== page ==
Scientists have discovered a planet-eating star similar to Sun

Scientists have discovered two new exoplanet candidates orbiting a star some 300 light-years from Earth, and early indications suggest that this distant solar system harbours a dark, turbulent history.

The star in question, called HIP 68468, is what’s called a solar twin, meaning it’s similar to our own Sun in terms of temperature, age, and composition. But HIP 68468 looks to have consumed and destroyed one of the worlds that once orbited it, thanks to some tell-tale signs left behind at this (alleged) cosmic crime scene.

An international team of astronomers led by Jorge Melendez at the University of São Paulo in Brazil studied HIP 68468 using the 3.6-metre telescope at the La Silla Observatory in Chile, and detected two new planet candidates in orbit around it.

foto credit NASA

foto credit NASA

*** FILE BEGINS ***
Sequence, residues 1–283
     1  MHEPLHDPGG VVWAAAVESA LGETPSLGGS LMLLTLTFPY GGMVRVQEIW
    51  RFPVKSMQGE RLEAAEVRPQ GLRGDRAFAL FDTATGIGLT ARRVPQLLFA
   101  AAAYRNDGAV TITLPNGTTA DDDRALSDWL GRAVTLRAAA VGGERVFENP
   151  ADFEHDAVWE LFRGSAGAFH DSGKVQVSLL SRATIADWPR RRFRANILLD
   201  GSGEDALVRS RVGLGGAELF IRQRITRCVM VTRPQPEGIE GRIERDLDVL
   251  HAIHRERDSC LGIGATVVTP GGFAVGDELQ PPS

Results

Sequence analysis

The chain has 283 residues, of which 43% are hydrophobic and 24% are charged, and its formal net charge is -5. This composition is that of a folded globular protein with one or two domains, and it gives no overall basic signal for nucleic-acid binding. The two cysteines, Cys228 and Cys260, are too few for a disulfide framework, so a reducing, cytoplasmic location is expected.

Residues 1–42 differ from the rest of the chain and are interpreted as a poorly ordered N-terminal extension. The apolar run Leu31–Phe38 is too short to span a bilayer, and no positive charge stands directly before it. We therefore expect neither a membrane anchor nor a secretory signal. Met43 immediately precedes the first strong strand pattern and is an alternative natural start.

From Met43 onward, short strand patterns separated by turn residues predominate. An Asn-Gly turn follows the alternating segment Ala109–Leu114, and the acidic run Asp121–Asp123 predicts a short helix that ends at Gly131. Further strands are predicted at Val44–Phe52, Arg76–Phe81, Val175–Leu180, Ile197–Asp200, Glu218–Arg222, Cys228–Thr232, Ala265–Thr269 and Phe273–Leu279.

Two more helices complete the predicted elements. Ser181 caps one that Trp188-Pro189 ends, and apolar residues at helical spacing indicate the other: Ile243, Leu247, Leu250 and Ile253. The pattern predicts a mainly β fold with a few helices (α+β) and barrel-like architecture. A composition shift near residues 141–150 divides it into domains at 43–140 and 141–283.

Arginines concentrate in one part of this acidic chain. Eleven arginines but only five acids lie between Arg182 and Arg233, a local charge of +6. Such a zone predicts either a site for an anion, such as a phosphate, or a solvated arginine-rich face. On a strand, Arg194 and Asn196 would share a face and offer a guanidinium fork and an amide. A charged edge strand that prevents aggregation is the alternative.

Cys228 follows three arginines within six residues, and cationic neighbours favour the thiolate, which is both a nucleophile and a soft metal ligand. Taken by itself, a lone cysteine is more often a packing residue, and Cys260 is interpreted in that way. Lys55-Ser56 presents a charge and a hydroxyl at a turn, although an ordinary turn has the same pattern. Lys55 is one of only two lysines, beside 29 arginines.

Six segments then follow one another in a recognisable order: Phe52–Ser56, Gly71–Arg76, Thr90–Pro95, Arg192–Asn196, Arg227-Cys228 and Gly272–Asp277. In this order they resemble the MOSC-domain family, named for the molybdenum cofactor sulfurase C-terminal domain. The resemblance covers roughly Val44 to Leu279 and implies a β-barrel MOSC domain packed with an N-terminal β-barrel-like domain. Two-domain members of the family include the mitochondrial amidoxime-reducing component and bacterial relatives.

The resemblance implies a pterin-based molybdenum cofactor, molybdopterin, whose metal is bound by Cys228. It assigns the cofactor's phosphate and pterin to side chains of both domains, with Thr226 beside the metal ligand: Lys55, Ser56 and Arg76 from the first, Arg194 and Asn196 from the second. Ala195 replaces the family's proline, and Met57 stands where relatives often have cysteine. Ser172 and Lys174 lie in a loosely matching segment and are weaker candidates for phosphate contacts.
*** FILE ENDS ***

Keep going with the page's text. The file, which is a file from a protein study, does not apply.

One of these – called HIP 68468c – is a super-Neptune, meaning an astronomical object that is more massive then the planet Neptune. In this case, HIP 68468c has a mass about 50 percent larger than that of Neptune. The other new planet candidate – HIP 68468b – is a super-Earth, which is a planet with a mass higher than Earth’s, but lesser than Uranus and Neptune. What’s notable about HIP 68468b, which has three times the mass of Earth, is that it’s the first super-Earth scientists have found orbiting a solar twin.

When the team analysed the star’s composition, they found four times more lithium than they expected for a star of its age – 6 billion years – along with evidence of a surplus of refractory elements: heat-resistant metals that are abundant in rocky planets.

“It can be very hard to know the history of a particular star, but once in a while we get lucky and find stars with chemical compositions that likely came from in-falling planets,” says astronomer Debra Fischer from Yale University, who was not involved in the research.

Scientists think our own Solar System could go the same way in enough time too, with projections that the Sun will swallow Mercury, Venus, and potentially even Earth in about a billion years or so.

And if this does happen, it might not even be the first time our Sun has consumed a world.